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Amid High Court Battle, Texas Keeps an Eye on New Mexico’s Groundwater

A fight over groundwater between New Mexico and Texas is in the hands of the U.S. Supreme Court, but the battle has intensified as New Mexico contemplates allowing a copper mine to pump more than 1 billion gallons of groundwater annually.

Written by Laura Paskus Published on Read time Approx. 4 minutes
The Rio Grande is currently dry for about 17 miles south of Socorro, New Mexico.Laura Paskus

As drying in the Middle Rio Grande spreads, and a lawsuit over the river’s waters moves through the United States Supreme Court, a top Texas official is calling out New Mexico’s water boss.

Texas’ commissioner on the Rio Grande Compact Commission, Patrick Gordon, wrote a letter to New Mexico state engineer Tom Blaine earlier this month. In it, he noted that certain actions by Blaine could put New Mexico at risk for even greater damages if Texas prevails in its Supreme Court case on the Rio Grande.

Specifically, Gordon is concerned Blaine will approve a copper company’s plan to pump more than 1 billion gallons of groundwater each year from near Hillsboro, New Mexico.

Doing so would would violate the Rio Grande Compact of 1938, Gordon wrote, adding: “These ongoing violations reinforce Texas’s action in the United States Supreme Court and add to its recoverable damages against New Mexico.”

Five years ago, Texas sued New Mexico and Colorado, alleging that by allowing farmers in southern New Mexico to pump groundwater near the Rio Grande, New Mexico failed for decades to send its legal share of water downstream. Texas filed the lawsuit after New Mexico sued over a 2008 operating agreement between the U.S. Bureau of Reclamation, southern New Mexico farmers and Texas water users. This year, the Supreme Court allowed the U.S. government to intervene in the case against New Mexico, too.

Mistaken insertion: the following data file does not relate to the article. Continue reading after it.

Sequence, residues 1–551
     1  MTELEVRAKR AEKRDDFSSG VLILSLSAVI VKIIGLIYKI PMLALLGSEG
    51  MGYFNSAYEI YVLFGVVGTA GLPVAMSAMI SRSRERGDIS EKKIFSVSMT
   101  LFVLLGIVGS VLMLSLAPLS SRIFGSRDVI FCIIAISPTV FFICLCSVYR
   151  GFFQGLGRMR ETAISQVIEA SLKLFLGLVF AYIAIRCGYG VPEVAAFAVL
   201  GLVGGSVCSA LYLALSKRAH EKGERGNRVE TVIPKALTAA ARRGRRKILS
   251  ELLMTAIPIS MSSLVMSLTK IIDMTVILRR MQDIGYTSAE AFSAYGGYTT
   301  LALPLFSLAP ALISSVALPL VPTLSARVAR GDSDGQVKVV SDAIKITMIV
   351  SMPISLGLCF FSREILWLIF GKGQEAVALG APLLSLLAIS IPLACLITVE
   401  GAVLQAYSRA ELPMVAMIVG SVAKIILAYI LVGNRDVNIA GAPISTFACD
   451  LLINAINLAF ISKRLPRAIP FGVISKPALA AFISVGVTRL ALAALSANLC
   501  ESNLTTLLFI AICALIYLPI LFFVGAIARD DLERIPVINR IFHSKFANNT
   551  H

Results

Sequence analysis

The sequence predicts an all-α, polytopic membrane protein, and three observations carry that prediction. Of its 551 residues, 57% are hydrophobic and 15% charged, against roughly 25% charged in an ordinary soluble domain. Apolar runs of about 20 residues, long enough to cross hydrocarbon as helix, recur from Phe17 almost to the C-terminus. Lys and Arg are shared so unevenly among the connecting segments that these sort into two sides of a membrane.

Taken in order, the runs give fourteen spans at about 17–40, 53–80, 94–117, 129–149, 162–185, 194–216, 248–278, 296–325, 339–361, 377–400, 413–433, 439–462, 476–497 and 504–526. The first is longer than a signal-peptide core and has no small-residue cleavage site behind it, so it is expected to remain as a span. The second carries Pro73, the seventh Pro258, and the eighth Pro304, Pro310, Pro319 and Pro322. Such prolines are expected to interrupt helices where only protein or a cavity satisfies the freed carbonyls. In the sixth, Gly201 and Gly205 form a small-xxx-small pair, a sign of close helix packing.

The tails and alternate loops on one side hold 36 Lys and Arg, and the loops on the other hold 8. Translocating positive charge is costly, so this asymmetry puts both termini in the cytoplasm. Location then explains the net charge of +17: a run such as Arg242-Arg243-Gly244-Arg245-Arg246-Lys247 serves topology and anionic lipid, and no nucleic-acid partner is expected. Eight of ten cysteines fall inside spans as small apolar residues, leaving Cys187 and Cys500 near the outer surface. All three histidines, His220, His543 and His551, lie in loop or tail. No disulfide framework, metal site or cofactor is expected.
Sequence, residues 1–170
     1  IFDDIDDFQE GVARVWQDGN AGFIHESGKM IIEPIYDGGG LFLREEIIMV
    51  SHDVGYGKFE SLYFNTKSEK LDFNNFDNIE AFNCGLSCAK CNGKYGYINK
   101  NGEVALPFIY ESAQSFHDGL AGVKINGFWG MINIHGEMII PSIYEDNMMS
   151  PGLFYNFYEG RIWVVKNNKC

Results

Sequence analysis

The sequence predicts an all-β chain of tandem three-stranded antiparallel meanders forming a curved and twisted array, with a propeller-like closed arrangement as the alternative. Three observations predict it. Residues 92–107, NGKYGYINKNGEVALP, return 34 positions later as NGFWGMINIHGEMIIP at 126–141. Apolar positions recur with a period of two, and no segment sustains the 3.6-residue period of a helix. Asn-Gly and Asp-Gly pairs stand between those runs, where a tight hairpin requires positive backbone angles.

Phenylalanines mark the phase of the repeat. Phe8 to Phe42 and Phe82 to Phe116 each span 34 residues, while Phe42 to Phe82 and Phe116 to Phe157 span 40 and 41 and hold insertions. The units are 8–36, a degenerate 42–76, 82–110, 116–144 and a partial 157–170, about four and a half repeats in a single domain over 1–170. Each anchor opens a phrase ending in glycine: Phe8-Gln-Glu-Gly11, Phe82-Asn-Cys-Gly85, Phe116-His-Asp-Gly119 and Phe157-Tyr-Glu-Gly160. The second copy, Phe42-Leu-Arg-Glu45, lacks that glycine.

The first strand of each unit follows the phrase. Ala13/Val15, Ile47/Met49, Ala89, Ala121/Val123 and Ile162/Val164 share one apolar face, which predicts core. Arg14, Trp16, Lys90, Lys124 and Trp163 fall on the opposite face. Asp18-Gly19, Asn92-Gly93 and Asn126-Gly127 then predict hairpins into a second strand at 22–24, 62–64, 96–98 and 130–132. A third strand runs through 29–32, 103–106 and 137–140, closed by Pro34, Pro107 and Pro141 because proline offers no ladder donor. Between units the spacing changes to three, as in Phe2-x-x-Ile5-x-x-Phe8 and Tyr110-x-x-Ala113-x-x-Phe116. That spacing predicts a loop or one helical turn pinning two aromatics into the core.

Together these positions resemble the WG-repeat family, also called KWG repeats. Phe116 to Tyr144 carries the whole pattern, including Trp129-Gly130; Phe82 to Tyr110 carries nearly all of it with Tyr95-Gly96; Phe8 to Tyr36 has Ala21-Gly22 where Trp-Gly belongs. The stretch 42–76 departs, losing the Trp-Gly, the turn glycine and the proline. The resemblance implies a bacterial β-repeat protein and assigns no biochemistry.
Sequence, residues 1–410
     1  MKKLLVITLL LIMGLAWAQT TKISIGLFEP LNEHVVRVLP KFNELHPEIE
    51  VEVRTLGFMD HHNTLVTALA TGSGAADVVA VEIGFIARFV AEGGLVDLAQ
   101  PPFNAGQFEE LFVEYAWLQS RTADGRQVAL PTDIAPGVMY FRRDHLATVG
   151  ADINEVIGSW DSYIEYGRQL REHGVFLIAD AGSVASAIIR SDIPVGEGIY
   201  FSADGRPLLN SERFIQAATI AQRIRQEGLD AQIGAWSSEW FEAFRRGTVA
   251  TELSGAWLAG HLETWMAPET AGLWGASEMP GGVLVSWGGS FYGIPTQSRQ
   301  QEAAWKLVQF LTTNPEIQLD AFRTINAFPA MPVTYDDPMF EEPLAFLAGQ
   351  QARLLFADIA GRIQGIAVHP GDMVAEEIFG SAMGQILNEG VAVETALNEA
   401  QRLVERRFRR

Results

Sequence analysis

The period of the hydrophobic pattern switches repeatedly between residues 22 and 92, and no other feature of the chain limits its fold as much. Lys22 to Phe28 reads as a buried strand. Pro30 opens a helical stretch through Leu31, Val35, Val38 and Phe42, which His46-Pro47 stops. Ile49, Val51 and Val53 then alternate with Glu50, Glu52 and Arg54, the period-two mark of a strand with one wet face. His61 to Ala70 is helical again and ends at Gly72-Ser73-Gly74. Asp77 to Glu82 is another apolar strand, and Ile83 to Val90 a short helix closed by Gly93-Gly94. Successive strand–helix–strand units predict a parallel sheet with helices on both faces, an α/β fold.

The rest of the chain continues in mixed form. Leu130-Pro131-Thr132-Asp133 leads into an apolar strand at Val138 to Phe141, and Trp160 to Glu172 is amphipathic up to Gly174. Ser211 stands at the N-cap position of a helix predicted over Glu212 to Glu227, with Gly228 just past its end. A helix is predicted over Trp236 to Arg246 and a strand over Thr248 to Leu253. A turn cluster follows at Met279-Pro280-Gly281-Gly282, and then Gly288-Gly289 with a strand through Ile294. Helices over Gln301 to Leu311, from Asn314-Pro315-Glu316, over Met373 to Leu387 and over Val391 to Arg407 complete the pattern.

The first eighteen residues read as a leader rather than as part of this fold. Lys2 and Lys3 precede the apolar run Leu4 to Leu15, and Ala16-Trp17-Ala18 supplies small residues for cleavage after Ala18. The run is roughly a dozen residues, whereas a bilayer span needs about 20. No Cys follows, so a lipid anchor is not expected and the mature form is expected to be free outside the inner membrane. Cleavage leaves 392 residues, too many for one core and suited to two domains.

“Texas is not trying to take New Mexico’s water, at all,” Gordon said to NM Political Report of Texas v. New Mexico & Colorado. “What we’re hoping is New Mexico will manage its groundwater in a manner that does not impact deliveries of surface water to Texas, which is what the problem is now.”

Like Water for Copper

Eight years ago, New Mexico Copper Corporation (NMCC) started lining up permits to reopen an abandoned copper mine near Hillsboro, New Mexico. It planned to use groundwater rights purchased in the 1980s, but last year a state judge found most of the water rights claimed by the company are no longer valid.

NMCC appealed that decision and filed a new application with the Office of the State Engineer to pump 5,234 acre-feet of water each year.

Opposed by some local residents and landowners, the mine also attracted attention from downstream water users along the Rio Grande. Elephant Butte Irrigation District and the New Mexico Pecan Growers opposed the project, commenting that pumping groundwater for the mine could affect the water rights of its members. In a 2016 letter to the U.S. Bureau of Land Management (BLM), which was studying potential impacts from the mine’s reopening, the New Mexico Interstate Stream Commission noted that BLM didn’t adequately consider impacts on New Mexico’s ability to meet its Rio Grande water delivery requirements to Texas.

Orchards in southern New Mexico rely upon water from the Rio Grande. (Laura Paskus)